5. Plan the Logistics

Best laid plans are… the best. Make sure to think about the flow of the day so that your volunteers have a seamless experience and will be eager to return. Think through your back-up plan. What if it rains? What if there aren’t enough trash bags? Try to prepare for every scenario.

Here is a suggested itinerary for a successful day:

  • Opening meeting

  • Hand out supplies

  • Explain the process & goals

  • Begin cleanup!

  • Data collection (if applicable)

  • Snack/water break

  • Clean some more!

  • Give a 10-minute warning before the conclusion of the event

  • Bring people together for final trash collection, thank yous and good-byes

6. Event Follow-up

You did it! Yay! Immediately following your event, take a moment to appreciate your huge accomplishment. After the proper congratulations to yourself, it’s time to thank everyone else who helped you succeed.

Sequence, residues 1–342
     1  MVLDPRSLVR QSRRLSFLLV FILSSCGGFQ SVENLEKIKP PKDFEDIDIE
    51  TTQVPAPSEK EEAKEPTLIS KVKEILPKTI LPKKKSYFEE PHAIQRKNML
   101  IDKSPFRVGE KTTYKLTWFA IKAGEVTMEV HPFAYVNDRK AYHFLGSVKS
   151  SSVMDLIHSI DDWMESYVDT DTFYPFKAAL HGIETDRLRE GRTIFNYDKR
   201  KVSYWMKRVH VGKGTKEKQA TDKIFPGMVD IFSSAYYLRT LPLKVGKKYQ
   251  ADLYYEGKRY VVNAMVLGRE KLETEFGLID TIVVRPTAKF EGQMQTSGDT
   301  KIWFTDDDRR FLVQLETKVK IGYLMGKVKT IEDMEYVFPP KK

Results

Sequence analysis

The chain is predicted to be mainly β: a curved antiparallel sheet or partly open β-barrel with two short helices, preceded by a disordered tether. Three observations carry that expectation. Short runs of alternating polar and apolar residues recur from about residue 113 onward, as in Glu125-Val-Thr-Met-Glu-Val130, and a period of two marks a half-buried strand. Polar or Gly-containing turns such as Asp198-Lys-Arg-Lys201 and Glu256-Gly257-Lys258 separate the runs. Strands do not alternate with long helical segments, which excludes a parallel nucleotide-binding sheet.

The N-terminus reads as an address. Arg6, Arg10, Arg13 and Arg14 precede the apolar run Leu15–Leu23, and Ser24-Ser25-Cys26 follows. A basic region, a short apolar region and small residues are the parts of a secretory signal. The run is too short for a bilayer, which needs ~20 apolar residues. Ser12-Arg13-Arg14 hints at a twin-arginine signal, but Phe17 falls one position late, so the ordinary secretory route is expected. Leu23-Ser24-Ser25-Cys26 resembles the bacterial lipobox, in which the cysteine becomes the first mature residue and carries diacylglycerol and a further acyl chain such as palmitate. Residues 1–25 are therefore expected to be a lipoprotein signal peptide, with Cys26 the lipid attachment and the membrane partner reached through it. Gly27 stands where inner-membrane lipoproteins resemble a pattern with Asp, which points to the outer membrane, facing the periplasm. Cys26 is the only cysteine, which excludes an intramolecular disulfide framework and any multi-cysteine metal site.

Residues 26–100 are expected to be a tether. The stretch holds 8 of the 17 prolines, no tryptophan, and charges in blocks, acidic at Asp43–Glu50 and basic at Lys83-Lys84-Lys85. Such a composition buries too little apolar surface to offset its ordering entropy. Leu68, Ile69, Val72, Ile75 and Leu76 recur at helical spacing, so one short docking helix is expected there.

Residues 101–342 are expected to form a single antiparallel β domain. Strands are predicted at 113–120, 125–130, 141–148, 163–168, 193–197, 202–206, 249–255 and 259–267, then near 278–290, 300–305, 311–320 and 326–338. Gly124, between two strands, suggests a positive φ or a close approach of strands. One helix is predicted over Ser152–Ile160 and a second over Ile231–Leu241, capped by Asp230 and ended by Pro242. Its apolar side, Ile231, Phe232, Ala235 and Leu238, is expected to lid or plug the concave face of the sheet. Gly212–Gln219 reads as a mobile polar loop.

In your “thank you” communications, include pictures, videos, and any data collected to help show the impact your volunteers had on the area. By taking the time to send these thank-yous, you’re building a sense of community and encouraging continued engagement in eco-friendly events. Additionally, if you have the time/energy, sending a follow-up survey will help you plan better cleanup events in the future.

Final Thoughts

Organizing a community cleanup can be a fun and rewarding experience but does take proper planning and organizing in order to make a successful event. When communities come together to address issues of litter and pollution, it results in cleaner towns and increased community awareness.

Every person can make a difference. By creating awareness about environmental issues and the importance of sustainable practices, real change and positive environmental impacts result.

Join us by taking a stand against pollution! Ready to make a difference? Start by organizing a cleanup or volunteering in one near you by clicking here.